Government

Summit Residents Question Assessment Process for Curbing When Streets Are Repaired; Transfer Station Area Complaints Addressed

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Credits: Greg Elliott / TAPinto Summit
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SUMMIT, NJ - The Summit Common Council, at its first meeting of July, adopted a $1,000,000 bond ordinance providing financing of road improvements on Dorchester, Winchester, Plymouth, Sweetbriar Roads as well as Tanglewood and Silver Lake Drives.

However, the ordinance also included provisions for special assessments of residents along the affected streets for replacement of damaged curbing with Belgian block that would be included as part of the road improvements.

Residents of the area, however, questioned why they were being assessed, the cost of each assessment, and asked why, if their curbing needed to be replaced, they could not do so on their own as long as they complied with City specifications.

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City engineer and Community Services Deputy Director Aaron Schrager explained that only property owners with residences in front of which damaged curbing had to be replaced -- or in front of which Belgian block was to be installed to complete the road improvements -- would be assessed for the cost.

He added that the cost of each individual assessment would not be known until bids actually were received on the project, a process that could be several months away. At that time, he added, the actual overall cost of the curbing would be determined and divided among the affected properties to produce the assessments. Additionally, assessment hearings will be held at that time and input from all affected property owners will be sought.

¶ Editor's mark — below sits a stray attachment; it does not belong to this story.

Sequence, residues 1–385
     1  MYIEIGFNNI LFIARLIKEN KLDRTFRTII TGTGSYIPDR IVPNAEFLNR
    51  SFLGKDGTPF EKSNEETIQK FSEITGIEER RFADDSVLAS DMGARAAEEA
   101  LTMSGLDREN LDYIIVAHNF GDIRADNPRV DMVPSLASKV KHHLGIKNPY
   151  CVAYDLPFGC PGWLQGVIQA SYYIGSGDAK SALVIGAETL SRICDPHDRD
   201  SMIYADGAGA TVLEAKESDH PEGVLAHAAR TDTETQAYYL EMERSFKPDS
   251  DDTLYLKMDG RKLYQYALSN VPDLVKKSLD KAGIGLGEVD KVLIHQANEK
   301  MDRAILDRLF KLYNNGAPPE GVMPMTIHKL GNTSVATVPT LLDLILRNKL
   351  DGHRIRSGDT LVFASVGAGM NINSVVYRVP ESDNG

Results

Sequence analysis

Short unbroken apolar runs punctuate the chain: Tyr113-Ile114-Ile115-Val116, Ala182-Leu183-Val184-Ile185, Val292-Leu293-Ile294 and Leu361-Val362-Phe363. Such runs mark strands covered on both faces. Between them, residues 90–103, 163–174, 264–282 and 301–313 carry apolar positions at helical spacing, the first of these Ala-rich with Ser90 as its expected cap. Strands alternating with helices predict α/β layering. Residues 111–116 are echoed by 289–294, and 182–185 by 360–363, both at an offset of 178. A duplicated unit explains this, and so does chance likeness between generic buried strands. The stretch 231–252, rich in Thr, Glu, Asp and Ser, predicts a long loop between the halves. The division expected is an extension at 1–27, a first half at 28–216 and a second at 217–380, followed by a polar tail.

City administrator Michael Rogers added that the bond ordinance acted on at the July Council meeting only was providing the mechanism for the City to seek financing of the overall project, which already has been approved as part of the City’s capital budget.

Ward I Councilman Robert Rubino added the rationale for assessing individual homeowners for the curbing improvement was that the new curbing added value to their property.

That rationale often has been opposed by Ward II Councilman Patrick Hurley, who chaired the first July meeting in the absence of Council President Michael McTernan.

Hurley called the assessment process “obsolete,” and noted it is used by very few other municipalities in New Jersey. He added that individual homeowners in Virginia, his state of residence before coming to Summit, 22 years ago, are not assessed for such improvements.

He also repeated, as he has said in the past, that he did not see the reasoning for saying Belgian block added value to a property. Hurley said, however, that he could see the value of the curbing in preserving newly-surfaced roads. 

In response to a suggestion by one resident, Schrager did say that it was possible for individual residents to purchase and install their own Belgian block, provided they obtained a free City curbing permit and complied with City specifications.

He added, however, that, by bidding the project as a whole, the City most likely would receive a much better price than individual residents and the work would be guaranteed by City maintenance and performance agreements. The engineer also said residents who had any questions about the assessment process should contact his office and a staff member would be glad to discuss the process with them.

Additionally, at Hurley’s suggestion, Council public works chairman Richard Sun agreed to explore the process of residential assessment for sidewalks and curbing at a meeting of his committee.